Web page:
Mike Pence and Tim Kaine got one shot on the big stage to make the case for their tickets. Were they effective? Will it matter?
Top takeaways from Pence vs. Kaine:
A moment in the vice presidential debate illuminated the division in the nation better perhaps than any other of the last week's presidential debate. In a conversation about the economy, Kaine attempted to make the case that the economy has been recovering under President Obama — 15 million jobs created, Kaine said, and median income is rising. Pence's reply was fascinating: "Senator, you can roll out the numbers and the sunny side, but I got to tell you, people in Scranton know different. People in Fort Wayne, Ind., know different. I mean, this economy is struggling." This is the core distinction of these campaigns: the Democrats' half-full take versus the Republicans' half-empty view of America, distilled in a few lines of a vice presidential debate.
Good luck transcribing this one
A debate with Pence and Kaine, the conventional thinking went, would be like a spirited but amiable discussion between two dads, with a heavy focus on policy. To be sure, the personal animus that clearly exists between Donald Trump and Hillary Clinton was not evident in the vice presidential debate, but that didn't stop the two running mates from repeatedly interrupting each other, particularly Kaine with Pence.
Early on, moderator Elaine Quijano said: "The people at home cannot understand either one of you when you speak over each other." Needless to say, though, it continued.
Who is the insulter-in-chief?
Kaine repeated over and over again his critique that Trump is running an "insult-driven campaign," reminding voters that Trump assailed the qualifications of an Indiana-born judge of Mexican descent and attacked a former Miss Universe for gaining weight.
But Pence clearly had practiced his riposte — that it's Clinton and Kaine who are the insulters. "The campaign of Hillary Clinton and Tim Kaine has been an avalanche of insults," Pence said. Trump's comments are "small potatoes" compared to Clinton's comment that Trump followers are a "basket of deplorables," Pence said. Kaine piped up that Clinton had apologized for that comment, but the Indiana governor argued that that didn't count because she was only apologizing for saying "half."
We're talking about practice
Trump was knocked last week for not being prepared for the opening presidential debate. It doesn't look like Kaine will face that same criticism.
The Democratic vice presidential nominee rattled off a litany of Trump's most controversial remarks and episodes during Tuesday night's vice presidential debate, repeatedly challenging Trump's running mate, Pence, to defend them while expressing his astonishment at how he would be able to.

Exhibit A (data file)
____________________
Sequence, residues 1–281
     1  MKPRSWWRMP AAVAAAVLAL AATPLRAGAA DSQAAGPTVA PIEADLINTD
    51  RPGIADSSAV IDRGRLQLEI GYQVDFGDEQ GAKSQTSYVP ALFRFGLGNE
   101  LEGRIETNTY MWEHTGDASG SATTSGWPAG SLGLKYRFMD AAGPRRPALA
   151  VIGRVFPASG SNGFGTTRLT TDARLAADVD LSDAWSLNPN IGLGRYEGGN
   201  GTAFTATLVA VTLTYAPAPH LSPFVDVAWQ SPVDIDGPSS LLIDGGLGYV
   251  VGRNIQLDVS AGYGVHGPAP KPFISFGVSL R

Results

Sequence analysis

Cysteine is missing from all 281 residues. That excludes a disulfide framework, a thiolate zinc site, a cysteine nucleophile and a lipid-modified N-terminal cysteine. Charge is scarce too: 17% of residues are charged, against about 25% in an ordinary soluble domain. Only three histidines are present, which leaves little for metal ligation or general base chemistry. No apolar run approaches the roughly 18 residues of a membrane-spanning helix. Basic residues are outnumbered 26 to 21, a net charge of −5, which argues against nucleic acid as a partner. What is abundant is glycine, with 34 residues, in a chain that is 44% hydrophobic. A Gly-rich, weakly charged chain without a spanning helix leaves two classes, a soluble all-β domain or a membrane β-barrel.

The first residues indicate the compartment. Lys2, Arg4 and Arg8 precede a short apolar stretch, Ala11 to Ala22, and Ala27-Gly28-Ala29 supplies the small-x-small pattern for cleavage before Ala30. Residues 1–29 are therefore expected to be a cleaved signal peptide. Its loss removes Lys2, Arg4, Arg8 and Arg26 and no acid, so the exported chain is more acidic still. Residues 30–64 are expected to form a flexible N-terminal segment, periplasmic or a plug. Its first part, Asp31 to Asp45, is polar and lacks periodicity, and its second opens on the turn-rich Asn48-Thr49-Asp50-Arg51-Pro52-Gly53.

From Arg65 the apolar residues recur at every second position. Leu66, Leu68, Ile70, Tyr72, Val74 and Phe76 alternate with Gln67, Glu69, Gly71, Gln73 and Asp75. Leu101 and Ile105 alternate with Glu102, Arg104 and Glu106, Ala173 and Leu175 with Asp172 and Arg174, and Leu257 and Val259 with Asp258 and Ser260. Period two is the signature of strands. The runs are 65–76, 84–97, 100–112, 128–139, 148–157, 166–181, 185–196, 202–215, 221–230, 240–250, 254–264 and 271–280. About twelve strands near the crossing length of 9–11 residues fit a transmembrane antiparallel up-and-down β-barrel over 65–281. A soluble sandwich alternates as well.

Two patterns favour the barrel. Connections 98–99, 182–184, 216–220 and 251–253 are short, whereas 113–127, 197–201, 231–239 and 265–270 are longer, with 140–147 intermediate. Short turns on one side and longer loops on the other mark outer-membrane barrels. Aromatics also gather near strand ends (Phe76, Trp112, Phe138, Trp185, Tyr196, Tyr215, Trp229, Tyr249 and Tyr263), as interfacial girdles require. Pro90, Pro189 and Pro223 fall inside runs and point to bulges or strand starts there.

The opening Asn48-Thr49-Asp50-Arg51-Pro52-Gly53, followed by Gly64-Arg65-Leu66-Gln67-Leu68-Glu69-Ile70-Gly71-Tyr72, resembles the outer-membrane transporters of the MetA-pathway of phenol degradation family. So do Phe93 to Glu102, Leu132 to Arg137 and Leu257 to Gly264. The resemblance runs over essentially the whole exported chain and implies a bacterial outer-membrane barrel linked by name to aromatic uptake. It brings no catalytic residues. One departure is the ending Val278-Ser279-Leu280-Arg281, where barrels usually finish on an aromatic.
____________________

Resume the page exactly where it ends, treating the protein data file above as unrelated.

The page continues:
During one long recitation of critiques of the GOP presidential nominee — he "trash talks the military"; he "loves dictators" and has a Mount Rushmore of his favorites — Pence interjected "Oh come on, come on."
After Kaine finished, Pence responded pointedly: "Did you work on that one a long time?"
Close your eyes and hear Ronald Reagan
Pence was doing his best Ronald Reagan imitation all night: the measured cadence, the slightly smoky voice, the perfect hair and the bedrock conservatism — all in sharp contrast to Trump. Pence even got in a hat tip to an iconic Reagan moment: In the 1980 presidential debate against Jimmy Carter, Carter excoriated Reagan for his record on Medicare, but Reagan defused the attack by turning to Carter and saying jovially, "There you go again."
On Tuesday, Kaine charged that Pence has been "the chief cheerleader for the privatization of Social Security. Even after President Bush stopped pushing for it, Congressman Pence kept pushing for it."
"There they go again, " Pence replied. "All Donald Trump and I have said about Social Security is we're going to meet our obligations to our seniors. That's it."
Keeping the faith
Pence and Kaine are both more outwardly religious than their running mates, and moderator Quijano smartly gave them an opportunity to talk about how their faith shapes their public policy. Kaine told the story of the challenge he faced as governor of Virginia implementing the state's death penalty despite his Catholic conviction that is it wrong. Kaine said he realized that he cannot impose his religious views on the people who elected him.
Pence, a born-again Christian, used his answer to discuss his views on abortion and commitment to defending the unborn. Did we mention he also invoked Reagan earlier in the debate? Not that he's thinking about 2020.
Game changer? Nah
Let's put it this way: If there are any undecided voters out there who ultimately cite the vice presidential debate as the moment that tipped the scales for them in choosing between Clinton and Trump, we'd like to meet them. That's not to say what transpired Tuesday night was unimportant: The Farmville, Va., debate was the biggest stage by far for Pence and Kaine to convince the American public they should be a heartbeat away from the presidency beginning Jan. 20, 2017.
It laid out clear distinctions on police shootings, on abortion, on tax policy and a range of other issues.
But will it ultimately affect the outcome of the November election? There's little evidence that's ever happened. Take the famous 1988 VP debate between Democrat Lloyd Bentsen and Republican Dan Quayle, which gave us one of the most memorable moments of any debate in American history with Bentsen's "you're no Jack Kennedy" takedown. Post-debate polls, not surprisingly, showed Bentsen was a clear winner. What happened a month later? Quayle's GOP ticket won 40 states.